From Freiburg to Frankfurt and from Ramstein to Reutlingen – on May 02, 2015, the best speakers of Toastmasters Division F meet in Mannheim. Winners of the previous Area contests compete against each other in the categories “International Speech” and “Evaluation speech”. The champions can proceed to Borås / West Sweden and present their speeches from 22.05–24.05 at the District Conference (D95, Europe North / East).
All those who are already member of a Toastmasters club or perhaps would like to be, are cordially invited to the event. It is an excellent way to get to know what Toastmasters provides: brilliant rhetoric, a warm and friendly atmosphere, inspiring exchange with others and know-how in leadership and organization. A buffet and drinks will be served. The event takes place at venue:
Lutherstr. 15-17, 68169 Mannheim.
Public speaking can be terrifying for many people simply because they’re not accustomed to having a room full of people paying attention to their every word and action. There are also plenty of people brimming with self-confidence who, due to a lack of practice or preparation, give a presentation that doesn’t connect. In both cases, the result is a wasted opportunity to teach your employees, impress your boss, or win over clients.
To find out how to give an excellent presentation, we turned to one of the best public speakers in the world, Sri Lankan human resources consultant Dananjaya Hettiarachchi, recently crowned the World Champion of Public Speaking by Toastmasters International. Hettiarachchi survived seven rounds of a competition that lasted six months and included 33,000 competitors from around the world.
He and eight other finalists competed at the Toastmasters annual convention last month in Kuala Lumpur, Malaysia. On Aug. 23, Hettiarachchi took first place for his speech “I See Something,” which clocked in at seven minutes and 20 seconds.
Below, he shares his best advice for novice public speakers:
1. Always start with a message.
Hettiarachchi says that a common mistake beginners make when crafting their speeches is by starting with a topic. Instead, he says you should begin with a message, and it should be as concise as possible. This message is whatever you want your audience to be thinking about when your presentation concludes.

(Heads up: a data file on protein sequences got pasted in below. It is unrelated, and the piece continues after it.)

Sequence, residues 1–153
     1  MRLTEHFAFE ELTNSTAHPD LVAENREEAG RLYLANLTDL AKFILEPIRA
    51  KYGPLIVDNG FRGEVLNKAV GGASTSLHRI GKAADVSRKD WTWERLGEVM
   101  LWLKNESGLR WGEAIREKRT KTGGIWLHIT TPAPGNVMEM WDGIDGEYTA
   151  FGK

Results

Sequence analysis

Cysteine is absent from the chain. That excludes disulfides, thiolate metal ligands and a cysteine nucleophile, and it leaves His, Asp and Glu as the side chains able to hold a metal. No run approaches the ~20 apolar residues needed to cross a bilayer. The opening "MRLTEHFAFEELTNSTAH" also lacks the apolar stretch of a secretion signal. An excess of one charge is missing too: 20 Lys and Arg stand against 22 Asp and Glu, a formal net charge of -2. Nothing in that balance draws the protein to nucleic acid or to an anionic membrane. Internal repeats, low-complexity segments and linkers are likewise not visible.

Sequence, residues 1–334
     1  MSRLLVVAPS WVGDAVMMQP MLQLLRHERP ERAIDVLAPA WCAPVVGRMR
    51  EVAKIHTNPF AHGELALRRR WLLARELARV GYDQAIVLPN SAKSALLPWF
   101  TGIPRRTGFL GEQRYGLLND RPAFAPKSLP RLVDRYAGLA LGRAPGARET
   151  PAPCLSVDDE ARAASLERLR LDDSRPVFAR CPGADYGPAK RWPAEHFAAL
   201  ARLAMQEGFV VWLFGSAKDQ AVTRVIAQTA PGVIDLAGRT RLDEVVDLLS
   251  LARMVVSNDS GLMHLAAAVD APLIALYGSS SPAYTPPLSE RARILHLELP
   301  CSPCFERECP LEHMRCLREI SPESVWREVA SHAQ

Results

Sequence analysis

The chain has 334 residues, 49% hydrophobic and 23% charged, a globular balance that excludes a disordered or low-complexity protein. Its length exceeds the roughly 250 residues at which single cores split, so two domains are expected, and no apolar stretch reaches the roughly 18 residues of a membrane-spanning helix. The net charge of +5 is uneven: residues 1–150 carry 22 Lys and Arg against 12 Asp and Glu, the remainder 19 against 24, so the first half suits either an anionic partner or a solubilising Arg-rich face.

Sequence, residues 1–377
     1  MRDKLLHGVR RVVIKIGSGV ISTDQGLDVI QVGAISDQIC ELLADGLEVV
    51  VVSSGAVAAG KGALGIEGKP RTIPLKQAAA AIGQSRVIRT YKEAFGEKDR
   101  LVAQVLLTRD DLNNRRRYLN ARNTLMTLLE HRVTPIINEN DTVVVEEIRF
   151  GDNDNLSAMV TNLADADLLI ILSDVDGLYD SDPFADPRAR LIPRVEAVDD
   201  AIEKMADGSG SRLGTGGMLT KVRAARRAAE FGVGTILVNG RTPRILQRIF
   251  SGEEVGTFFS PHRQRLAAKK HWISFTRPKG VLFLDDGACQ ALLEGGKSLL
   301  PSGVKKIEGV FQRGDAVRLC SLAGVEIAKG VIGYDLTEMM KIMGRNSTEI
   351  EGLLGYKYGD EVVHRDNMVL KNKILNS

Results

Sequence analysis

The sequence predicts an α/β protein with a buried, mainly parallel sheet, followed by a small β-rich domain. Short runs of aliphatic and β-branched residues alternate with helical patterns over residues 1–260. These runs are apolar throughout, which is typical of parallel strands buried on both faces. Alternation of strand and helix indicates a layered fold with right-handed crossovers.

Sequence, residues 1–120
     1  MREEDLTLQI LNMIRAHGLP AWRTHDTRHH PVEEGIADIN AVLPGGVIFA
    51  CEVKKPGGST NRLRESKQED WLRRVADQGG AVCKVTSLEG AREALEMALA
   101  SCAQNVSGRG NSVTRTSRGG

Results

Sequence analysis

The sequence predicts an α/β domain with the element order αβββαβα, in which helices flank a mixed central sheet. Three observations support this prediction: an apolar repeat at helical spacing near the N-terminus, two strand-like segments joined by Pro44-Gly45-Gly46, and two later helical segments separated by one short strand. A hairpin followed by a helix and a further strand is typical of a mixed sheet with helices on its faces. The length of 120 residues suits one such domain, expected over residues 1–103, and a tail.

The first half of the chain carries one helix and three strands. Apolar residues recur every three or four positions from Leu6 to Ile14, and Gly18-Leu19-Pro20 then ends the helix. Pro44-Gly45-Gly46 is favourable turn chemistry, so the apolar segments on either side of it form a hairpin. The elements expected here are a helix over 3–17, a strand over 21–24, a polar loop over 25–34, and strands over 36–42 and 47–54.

For example, the message of the speech that brought him through the semifinals, “Deadly Samba,” was: “If you don’t burn for your dream, your dream will burn away.”
He says that there are two approaches to developing a speech. In the first, you write your speech as an essay and practice it until it becomes memorized and conversational. The second, which he prefers, is starting with a speech off the top of your head and then refining it until you are happy with writing it down.
With a recorder in hand, Hettiarachi will focus on a message and then begin speaking spontaneously. He’ll listen back to his speech, making note of what needs improvement and then begin again.
2. Be confident enough to be yourself.
“You need to sell yourself before you sell your message,” Hettiarachi says. And the way to do that is by being genuine, which Hettiarachi admits is easier said than done. “It took me 10 years to learn to be myself on stage,” he says, laughing.
Hettiarachi entered the Toastmasters contest every year for the past 10 years, reaching the semifinals four times, but didn’t make the finals, he explains, until he stopped behaving as if he were an actor on stage. A speech should be conversational, not theatrical, he says.
Sure, he understands the value of using a prop like a flower to add drama to his words, as he did in the finals, but he did so in a way that engaged the audience rather than focusing the attention on himself.
The only way to go in front of an audience and to present in a way that isn’t simply miming is to practice again and again, pretending (if need be) that you’re talking to a room full of your closest friends.
Hettiarachchi with his championship trophy.
3. See yourself through your audience’s eyes.
Novice speakers tend to become wrapped up in themselves, which may just be because they’re afraid to acknowledge a room full of listeners. But if you’re going to speak, you need to realize that you’re doing it for the benefit of others, not yourself.
Hettiarachi’s championship speech “I See Something” began its life as a 20-minute TEDxYouth talk. It was a talk that he gave about 90 times, he says, and each minute of the personal story he told about going from a wayward child to an adult who wishes to inspire others seemed important to him. But then he went back and tried to imagine what information was essential to communicate his message and was able to cut it down to 10 minutes.
To make Toastmasters’ regulation time of seven minutes and 30 seconds, he imagined being an audience member who knew nothing about his life and cut away whatever they did not need to hear.
He uses this mindset to keep his audience guessing. He has a rule where he will not communicate a lesson for longer than 30 seconds, since the focus should be on storytelling.
In “I See Something,” Hettiarachchi tells the story of his mother picking him up from jail when he was a teenager. Within the span of 20 seconds, which you can see in the video excerpt below, he gets the audience to answer a question, makes them laugh, and then suddenly brings them into somber territory.
“A speech has to be like a roller coaster,” he says.
4. Have a forum to practice.